José Aragüez in conversation with Stan Allen, Amale Andraos, and Bernard Tschumi
Since 2014, José Aragüez has led the international project, "The Building", which has yielded two symposia—at Columbia GSAPP and the Architectural Association in London—and a theory seminar at Cornell University. The results of this work have culminated in a new book from Lars Müller Publishers, which will be the topic of discussion at this event.
Over the last few decades, architectural history and theory have done a remarkable and necessary job of expanding their limits and audiences. The flip side of this expansion, however, has been a marked displacement of the object, and with it ultimately a certain neglect of architectural thinking proper. On the other end of the spectrum, discussions centered firmly round design process and outcome have often proved self-referential (e.g. those around “autonomy”) or restricted to the spheres of practice and studio teaching alone. This project constructs a bridge between these two tendencies by mobilizing a topic—“the building”—that typically belongs in the latter while seeking the former’s expansion. If the dominant approach driving architectural history and theory today concerns identifying novel subject matter, here instead the challenge involves taking up one of the discipline’s oldest themes and reconfiguring it through the intellectual tools now at our disposal.
Forty-three contributors based in Europe and the US, including deans and academic leaders, architects, historians, theorists, philosophers, and doctoral candidates, offer poignant explorations of key architectural structures conceived across Asia and the West from the late 1980s to the present. In exploring these structures through a number of questions both intra- and metadisciplinary—like sameness, value, iconography, objecthood, the urban subject, boredom, and digital technologies—this volume suggests ways in which buildings can trigger conceptual frameworks whose influence extends beyond architecture into other domains of knowledge and practice. Such domains include cultural and intellectual history, philosophy, literary theory, the city, the arts, and design at large.
By way of the building, therefore, this book illustrates the distinct capacity of architectural thinking to engender far-reaching concepts and, more generally, discourse—while the serendipitous encounters between diverse case studies from Europe, Asia, and the US unveil unexpected synergies and tensions that open up new research territories in design culture.
José Aragüez is Adjunct Professor of Architecture at Columbia University, and a PhD candidate in the History and Theory of Architecture at Princeton University. Aragüez holds a Diploma in Architecture and Urbanism from University of Granada, Spain, and an M.S. AAD degree and Graduate Certificate in Advanced Architectural Research from Columbia GSAPP. He previously worked for Antonio J. Torrecillas (Spain), MVRDV (Rotterdam), and Idom/ACXT (London). He has presented his work internationally across Europe, North America and in the Middle East, and has taught at Cornell, Princeton and the University of Granada.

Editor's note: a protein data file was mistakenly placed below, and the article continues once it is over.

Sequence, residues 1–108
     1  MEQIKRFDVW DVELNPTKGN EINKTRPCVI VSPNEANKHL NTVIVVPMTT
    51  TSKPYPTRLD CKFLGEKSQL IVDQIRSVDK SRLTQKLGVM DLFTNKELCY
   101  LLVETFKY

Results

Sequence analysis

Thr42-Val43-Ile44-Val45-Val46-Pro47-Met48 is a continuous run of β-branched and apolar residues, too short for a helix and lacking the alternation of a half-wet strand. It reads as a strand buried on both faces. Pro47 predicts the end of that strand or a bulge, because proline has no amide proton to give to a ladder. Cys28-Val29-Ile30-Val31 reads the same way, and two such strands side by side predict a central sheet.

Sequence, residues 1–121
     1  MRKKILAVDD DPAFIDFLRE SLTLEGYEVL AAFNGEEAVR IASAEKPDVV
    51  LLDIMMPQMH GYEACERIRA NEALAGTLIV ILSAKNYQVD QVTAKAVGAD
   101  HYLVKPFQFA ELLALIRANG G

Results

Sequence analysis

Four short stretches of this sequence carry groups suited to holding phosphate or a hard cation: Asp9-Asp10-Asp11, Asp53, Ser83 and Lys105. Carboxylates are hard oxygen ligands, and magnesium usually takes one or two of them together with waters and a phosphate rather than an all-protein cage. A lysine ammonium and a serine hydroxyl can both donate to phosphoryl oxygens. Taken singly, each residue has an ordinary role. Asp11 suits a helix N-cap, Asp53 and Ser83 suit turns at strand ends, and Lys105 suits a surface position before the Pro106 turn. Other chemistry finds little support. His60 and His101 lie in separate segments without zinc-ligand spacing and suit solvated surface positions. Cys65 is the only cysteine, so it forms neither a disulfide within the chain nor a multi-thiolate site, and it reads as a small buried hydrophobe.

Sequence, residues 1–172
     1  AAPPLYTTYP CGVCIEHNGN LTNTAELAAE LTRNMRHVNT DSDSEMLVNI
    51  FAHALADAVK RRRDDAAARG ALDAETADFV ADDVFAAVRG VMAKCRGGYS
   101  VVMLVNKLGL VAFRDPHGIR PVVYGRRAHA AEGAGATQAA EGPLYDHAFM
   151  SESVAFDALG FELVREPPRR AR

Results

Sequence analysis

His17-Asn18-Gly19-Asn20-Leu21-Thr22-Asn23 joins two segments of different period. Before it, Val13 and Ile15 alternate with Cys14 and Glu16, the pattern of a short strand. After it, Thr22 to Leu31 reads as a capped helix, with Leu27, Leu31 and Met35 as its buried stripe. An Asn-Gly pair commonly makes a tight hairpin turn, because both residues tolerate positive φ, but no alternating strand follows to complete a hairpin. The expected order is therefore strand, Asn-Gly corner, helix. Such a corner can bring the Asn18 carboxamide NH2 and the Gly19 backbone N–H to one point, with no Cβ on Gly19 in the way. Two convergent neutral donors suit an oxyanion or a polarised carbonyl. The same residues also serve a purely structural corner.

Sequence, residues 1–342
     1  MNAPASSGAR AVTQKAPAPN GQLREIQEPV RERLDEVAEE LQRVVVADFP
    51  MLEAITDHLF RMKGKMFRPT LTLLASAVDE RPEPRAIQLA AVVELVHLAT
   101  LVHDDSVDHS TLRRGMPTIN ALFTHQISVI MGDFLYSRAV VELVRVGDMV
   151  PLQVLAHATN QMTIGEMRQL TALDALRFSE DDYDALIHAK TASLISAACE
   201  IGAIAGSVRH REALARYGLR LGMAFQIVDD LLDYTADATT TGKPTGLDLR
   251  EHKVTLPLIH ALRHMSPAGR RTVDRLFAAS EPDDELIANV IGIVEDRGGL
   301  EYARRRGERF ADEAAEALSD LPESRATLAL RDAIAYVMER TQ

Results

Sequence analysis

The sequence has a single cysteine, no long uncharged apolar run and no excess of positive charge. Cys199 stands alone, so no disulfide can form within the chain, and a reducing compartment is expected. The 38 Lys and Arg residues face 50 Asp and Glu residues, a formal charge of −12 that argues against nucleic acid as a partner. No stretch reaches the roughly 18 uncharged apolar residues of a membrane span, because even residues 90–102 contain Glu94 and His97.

Stan Allen is an architect working in New York, George Dutton ’27 Professor of Architecture at Princeton University and Director of Princeton’s Center for Architecture, Urbanism and Infrastructure. From 2002 to 2012 he was Dean of the School of Architecture at Princeton. His architectural firm SAA/Stan Allen Architect has realized buildings and urban projects in the United States, South America and Asia. His work is published in Points + Lines: Diagrams and Projects for the City, (2001) and his essays in Practice: Architecture, Technique and Representation (2008). His most recent book is Landform Building: Architecture’s New Terrain, published in 2011. A new book of projects and essays will be published in March 2017.
Bernard Tschumi is Professor and Dean Emeritus at Columbia GSAPP. He served as Dean from 1988 to 2003. In addition to Columbia, he has taught architecture at a range of institutions including the Architectural Association in London, Princeton University, and The Cooper Union in New York. His firm Bernard Tschumi Architects is known for groundbreaking designs that include the new Acropolis Museum; Le Fresnoy National Studio for the Contemporary Arts; the Vacheron-Constantin Headquarters; and The Richard E. Lindner Athletics Center at the University of Cincinnati. Major urban design projects include master plans in Beijing, Shenzhen, New York, Montreal, Chartres, Lausanne, and Santo Domingo, with a new city for 40,000 residents.
Organized by Columbia GSAPP.